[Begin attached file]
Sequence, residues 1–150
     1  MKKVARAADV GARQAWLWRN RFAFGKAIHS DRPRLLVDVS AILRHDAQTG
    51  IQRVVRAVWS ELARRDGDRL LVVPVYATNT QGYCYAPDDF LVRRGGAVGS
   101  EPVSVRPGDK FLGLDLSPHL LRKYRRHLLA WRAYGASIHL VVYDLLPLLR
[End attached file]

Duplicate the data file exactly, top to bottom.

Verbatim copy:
Sequence, residues 1–150
     1  MKKVARAADV GARQAWLWRN RFAFGKAIHS DRPRLLVDVS AILRHDAQTG
    51  IQRVVRAVWS ELARRDGDRL LVVPVYATNT QGYCYAPDDF LVRRGGAVGS
   101  EPVSVRPGDK FLGLDLSPHL LRKYRRHLLA WRAYGASIHL VVYDLLPLLR